It began with talking whilst I was talking; progressed to various pupils standing up and walking around; and ended up with some students walking out of class altogether, fighting, throwing things at each other and sometimes even more extreme activities. For instance, in the lowest ability class that I took, a stranger would occasionally appear outside the window of the classroom and one of my students would dash to the doorway and run through the corridor to meet him; I gathered from the other students that this was to do with exchanging drugs. There were frequent instances of boy:girl physical embraces, etc.; chairs were thrown on a few occasions; and then there was the memorable moment when smoke appeared at the back of the the class and I discovered that a boy had set fire to one of his (very old) trainers …

As someone whose vocal chords were toughened on the terraces of Ninian Park during my own formative years in supporting Cardiff City (alas, I am rarely able to see them live nowadays), I had no problem in raising my voice and maintaining high volume instructions and threats during the course of this behaviour. Senior teachers would frequently come into my classroom to assist in restoring order. But it soon became clear to me that even the most experienced staff members often had difficulty in coping with riotous situations. At that time, no physical contact between teachers and staff was allowed. So to keep a student from leaving the classroom involved pressing my foot against the bottom of the door to prevent it from being opened. In my day, I would have received a smack across the head if I had shown such a level of disobedience.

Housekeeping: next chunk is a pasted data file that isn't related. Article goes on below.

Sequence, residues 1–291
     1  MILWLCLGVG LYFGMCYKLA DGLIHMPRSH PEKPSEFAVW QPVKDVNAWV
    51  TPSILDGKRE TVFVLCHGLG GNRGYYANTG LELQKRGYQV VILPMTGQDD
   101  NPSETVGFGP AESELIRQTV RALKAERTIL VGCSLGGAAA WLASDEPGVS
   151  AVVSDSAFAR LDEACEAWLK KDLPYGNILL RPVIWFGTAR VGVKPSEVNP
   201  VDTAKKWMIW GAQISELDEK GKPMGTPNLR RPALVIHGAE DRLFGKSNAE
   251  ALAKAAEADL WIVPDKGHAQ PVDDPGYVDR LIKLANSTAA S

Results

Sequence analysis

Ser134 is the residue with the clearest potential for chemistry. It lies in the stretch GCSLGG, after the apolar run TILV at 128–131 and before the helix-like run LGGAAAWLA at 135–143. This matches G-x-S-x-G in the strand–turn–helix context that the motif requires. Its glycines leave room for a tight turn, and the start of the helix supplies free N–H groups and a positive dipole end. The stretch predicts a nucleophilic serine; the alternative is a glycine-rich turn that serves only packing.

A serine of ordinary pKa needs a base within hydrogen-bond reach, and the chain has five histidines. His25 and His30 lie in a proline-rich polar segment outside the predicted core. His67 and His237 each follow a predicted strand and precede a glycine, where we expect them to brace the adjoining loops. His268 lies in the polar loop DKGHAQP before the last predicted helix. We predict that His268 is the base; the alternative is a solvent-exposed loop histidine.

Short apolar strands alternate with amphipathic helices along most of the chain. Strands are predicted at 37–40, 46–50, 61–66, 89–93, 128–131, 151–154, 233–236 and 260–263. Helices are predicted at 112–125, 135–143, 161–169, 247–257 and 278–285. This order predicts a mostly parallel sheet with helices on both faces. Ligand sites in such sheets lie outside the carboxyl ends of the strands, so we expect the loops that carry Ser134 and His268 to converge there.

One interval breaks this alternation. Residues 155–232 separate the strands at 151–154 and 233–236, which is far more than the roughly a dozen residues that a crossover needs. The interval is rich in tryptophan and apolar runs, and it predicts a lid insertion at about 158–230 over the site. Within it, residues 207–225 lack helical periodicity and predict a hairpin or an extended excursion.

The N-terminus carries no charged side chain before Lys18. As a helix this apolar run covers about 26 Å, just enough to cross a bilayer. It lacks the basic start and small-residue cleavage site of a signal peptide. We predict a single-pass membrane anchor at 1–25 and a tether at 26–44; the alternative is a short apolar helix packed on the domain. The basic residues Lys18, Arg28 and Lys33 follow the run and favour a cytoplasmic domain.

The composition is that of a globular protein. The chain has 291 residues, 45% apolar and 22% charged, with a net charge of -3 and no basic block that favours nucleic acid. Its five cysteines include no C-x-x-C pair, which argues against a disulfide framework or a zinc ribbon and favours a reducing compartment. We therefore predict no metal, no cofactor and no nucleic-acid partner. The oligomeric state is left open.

The reasons for bad behaviour in the classroom are very many and very varied; and they include both personal and social factors. The personal qualities and previous experience of the teacher are obviously a key influence; the ethos of a particular year group will often determine the nature and level of the disruption; and the psychological profiles – including their home environments – of individual students in a classroom is also a major factor. But whatever the reasons for an outbreak of bad behaviour, its effect on learning outcomes is critical. Frustratingly, I found that, on enquiring on a one-to-one basis, quite a few students who were disruptive really wanted to learn, but behaved badly only because they were pressurised into it by some of their peers.